Epic floods have been the norm in 2017. Several 500-year floods rocked the Midwest and the Ozarks last spring and Texas recently faced the ravages of a 1,000-year flood.
The White River Basin in Arkansas faced heavy flooding in April and May. Flood records which stood for over 100 years toppled.
The North Fork of the White at Tecumseh, Missouri, reached the highest levels since August 1, 1915. Bull Shoals Lake is still well above normal pool as a result.
Damon Spurgeon and I recently traveled to Cotter, Arkansas, to fly fish the fabled White River for monster Brown trout. The renowned trout stream still ran high as a result of the heavy spring rains and is expected to do so until mid-October, according to local fly fishing guide Larry Babin.
“This is the longest stretch of high water I’ve experienced on the White,” the manager of the Natural State Fly Shop in downtown Cotter said.
Despite the higher than normal river flows for the summer season, Babin has continued to put his clients on fish.
“The Arkansas Game and Fish Commission stocks roughly one-and-a-half million trout in the White River each year,” he said. “That is a lot of fish and they are still there despite the high water conditions.”
As we walked onto the deck of White River Trout Lodge, Damon and I paused, before placing our bags inside, to look at the river.
“This place is mesmerizing,” Damon said. “Look there are trout feeding just off that weed line. There is a really nice Brown, too.”
“Calm down,” I said. “You are going to tire yourself out getting so excited. We have three days coming up with the best fly fishing guides on the river. You’ll see lots of trout over the course of those three days.”
After visiting with White River Trout Lodge owners Bill and JoAnna Smith, Damon and I headed to downtown Cotter to Natural State Fly Shop, which is located within sight of the famous Rainbow Bridge, which spans the White.
We immediately struck up a conversation with renowned fly tier Ron McQuay. He is well known in fly fishing circles and Damon immediately began quizzing him about fly patterns best for the White River and how to fish them.
I saw an opportunity. Minutes later I began filming the conversations between McQuay and Damon. McQuay proved to be a wealth of information. Clips from those discussions may be seen on www.Facebook.com/Outsidealways.
Shortly, the fly shop manager, Larry Babin, walked into the store. Introductions were short. Conversations took off like a fire doused with gasoline. We had walked into a fly fisherman’s dream come true.
We planned to hook up with Larry of www.hogsonthefly.com, Matt Millner of Rising River Guides, and Taylor Wooten of www.flippinflyguides.com the following afternoon. Larry, Matt and Damon would float in Larry’s drift boat with Larry at the helm, while the other two guys fly-fished. Taylor and I would follow in a second boat. I would film the action.
Damon and I spent the next morning filming pieces with Larry and Matt, and intermittently discussing what we could expect for the afternoon of fishing to come. We were primed by the time fishing time arrived.
Everyone chattered nonstop as we readied the drift boats, tied on flies and double-checked the camera gear. The consensus among the fishermen in our party was to tie on a hopper in hopes of catching a big brown of ten pounds plus.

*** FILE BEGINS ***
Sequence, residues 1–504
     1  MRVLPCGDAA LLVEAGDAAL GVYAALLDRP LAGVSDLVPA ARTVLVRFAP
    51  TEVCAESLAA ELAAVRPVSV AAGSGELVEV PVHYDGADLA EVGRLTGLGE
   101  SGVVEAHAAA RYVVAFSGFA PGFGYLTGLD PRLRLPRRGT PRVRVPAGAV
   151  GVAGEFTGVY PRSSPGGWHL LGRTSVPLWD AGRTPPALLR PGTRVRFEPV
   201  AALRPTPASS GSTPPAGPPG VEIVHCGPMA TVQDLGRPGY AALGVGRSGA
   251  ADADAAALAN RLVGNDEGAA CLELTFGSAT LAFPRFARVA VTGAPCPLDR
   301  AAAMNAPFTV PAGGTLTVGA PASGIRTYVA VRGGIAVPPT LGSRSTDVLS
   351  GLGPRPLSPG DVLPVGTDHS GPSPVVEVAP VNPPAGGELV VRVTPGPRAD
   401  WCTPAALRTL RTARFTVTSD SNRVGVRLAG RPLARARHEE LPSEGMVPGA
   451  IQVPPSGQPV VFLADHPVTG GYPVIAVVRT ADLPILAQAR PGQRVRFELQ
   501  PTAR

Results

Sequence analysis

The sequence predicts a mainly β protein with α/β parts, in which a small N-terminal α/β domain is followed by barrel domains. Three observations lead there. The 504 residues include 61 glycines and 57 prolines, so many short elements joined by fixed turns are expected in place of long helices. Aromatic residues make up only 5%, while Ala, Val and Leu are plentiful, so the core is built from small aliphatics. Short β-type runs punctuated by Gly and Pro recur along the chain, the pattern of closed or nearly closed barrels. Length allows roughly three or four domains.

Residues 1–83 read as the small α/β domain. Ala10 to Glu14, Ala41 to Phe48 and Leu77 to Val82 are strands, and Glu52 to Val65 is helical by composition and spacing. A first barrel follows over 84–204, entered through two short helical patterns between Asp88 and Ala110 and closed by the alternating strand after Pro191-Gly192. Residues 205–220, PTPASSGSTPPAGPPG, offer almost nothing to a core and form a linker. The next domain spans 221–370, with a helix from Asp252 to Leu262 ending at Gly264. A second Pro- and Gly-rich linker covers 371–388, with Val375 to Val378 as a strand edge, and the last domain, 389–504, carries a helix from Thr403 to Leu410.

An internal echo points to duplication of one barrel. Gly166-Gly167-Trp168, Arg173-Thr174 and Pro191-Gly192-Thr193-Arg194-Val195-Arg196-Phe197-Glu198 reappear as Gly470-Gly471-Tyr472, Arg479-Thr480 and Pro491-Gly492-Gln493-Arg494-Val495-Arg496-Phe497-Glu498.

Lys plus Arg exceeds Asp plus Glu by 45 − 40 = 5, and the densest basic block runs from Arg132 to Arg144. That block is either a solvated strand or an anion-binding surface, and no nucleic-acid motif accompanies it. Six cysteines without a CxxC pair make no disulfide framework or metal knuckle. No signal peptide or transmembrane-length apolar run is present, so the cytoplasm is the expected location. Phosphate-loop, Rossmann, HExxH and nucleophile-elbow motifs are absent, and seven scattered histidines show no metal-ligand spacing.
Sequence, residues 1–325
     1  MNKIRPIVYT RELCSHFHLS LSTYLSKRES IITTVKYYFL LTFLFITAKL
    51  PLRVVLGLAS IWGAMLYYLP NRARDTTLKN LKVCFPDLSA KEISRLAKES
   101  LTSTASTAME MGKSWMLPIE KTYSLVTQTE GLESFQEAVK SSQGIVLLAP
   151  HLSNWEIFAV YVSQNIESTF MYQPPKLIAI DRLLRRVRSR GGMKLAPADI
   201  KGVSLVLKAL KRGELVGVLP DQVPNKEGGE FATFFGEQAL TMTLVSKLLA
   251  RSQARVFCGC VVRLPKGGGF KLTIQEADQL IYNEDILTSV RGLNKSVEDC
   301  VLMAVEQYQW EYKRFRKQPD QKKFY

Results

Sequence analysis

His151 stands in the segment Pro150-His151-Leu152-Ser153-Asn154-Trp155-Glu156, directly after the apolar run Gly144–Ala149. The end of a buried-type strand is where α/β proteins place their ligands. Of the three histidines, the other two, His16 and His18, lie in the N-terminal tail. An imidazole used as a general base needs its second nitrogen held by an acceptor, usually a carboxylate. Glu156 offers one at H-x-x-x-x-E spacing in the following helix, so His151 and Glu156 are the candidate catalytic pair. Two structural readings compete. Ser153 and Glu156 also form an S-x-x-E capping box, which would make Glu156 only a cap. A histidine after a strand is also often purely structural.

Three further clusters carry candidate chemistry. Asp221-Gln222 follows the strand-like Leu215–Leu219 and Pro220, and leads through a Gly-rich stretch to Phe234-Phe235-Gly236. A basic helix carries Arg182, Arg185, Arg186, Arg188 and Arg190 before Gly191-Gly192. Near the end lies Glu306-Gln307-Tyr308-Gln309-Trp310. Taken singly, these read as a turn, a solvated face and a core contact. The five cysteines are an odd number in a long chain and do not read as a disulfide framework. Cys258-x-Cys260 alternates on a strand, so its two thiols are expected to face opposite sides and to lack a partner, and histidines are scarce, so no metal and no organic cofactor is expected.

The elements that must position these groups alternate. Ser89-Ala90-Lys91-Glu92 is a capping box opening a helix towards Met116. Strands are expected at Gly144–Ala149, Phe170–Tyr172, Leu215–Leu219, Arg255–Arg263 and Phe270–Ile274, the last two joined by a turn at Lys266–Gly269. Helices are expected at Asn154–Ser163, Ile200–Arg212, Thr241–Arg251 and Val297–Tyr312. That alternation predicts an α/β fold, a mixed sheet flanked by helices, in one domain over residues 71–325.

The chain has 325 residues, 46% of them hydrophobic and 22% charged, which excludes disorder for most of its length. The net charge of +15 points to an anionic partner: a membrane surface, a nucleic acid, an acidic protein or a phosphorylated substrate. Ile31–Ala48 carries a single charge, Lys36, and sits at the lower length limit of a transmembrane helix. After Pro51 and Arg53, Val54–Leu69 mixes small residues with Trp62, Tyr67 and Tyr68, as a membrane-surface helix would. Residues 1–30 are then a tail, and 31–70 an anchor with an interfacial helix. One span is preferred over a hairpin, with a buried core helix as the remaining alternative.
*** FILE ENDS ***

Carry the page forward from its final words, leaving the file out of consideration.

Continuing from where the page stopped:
I inhaled the fresh air fragrant with river smells as we pushed into the current. I made my last-second checks for light and power on my video camera. Seconds later, Larry, Matt and Damon yelled in excitement.
“Did you see that fish blow up on that hopper?” Damon had a fish on less than 75 feet from the boat ramp. It looked to be a good afternoon on the water.
They all posed for photos with the beautifully-colored Brown trout. It provided a great start to the trip, but was not what we were looking for. Damon and I were on assignment for www.southerntrout.com and hoped for a monster Brown trout of 20 pounds or more.
Larry had informed us that the bite had been tougher with the high water conditions. It would be a gamble to target larger fish, but Damon knew he was facing the possibility of catching a lifetime fish. He elected to cast big hoppers and even larger streamers in hopes of hooking that one monster Brown.
Respectable Browns up to 22 inches continued to fall prey to the big hoppers, but the monsters weren’t playing. Damon managed one explosive strike from a much larger fish before nightfall approached.
“I saw several huge Browns that will haunt me for a long time,” Damon said. “One had to be well over 20 pounds. It is just phenomenal to be on waters that house such huge fish.
“I know every cast I make has the potential to turn one of the big ones. I’ll fish until my arms fall off for that one fish.”
Damon made thousands of casts over the next two days and caught plenty of trout, but no monsters.
“I knew the chances of catching a really big Brown were slim, with the current water conditions, but I’d fish it every single day if I could. The big ones are there.”
We were sent to the White River to gather material for a wintertime trout fishing article. With it still being summer, we relied on the guides for information and photos about wintertime trout fishing.
Therefore, it proved a great adventure to gamble on catching a big Brown. Big Browns one, us zero.
We shall return soon!
By Bill Cooper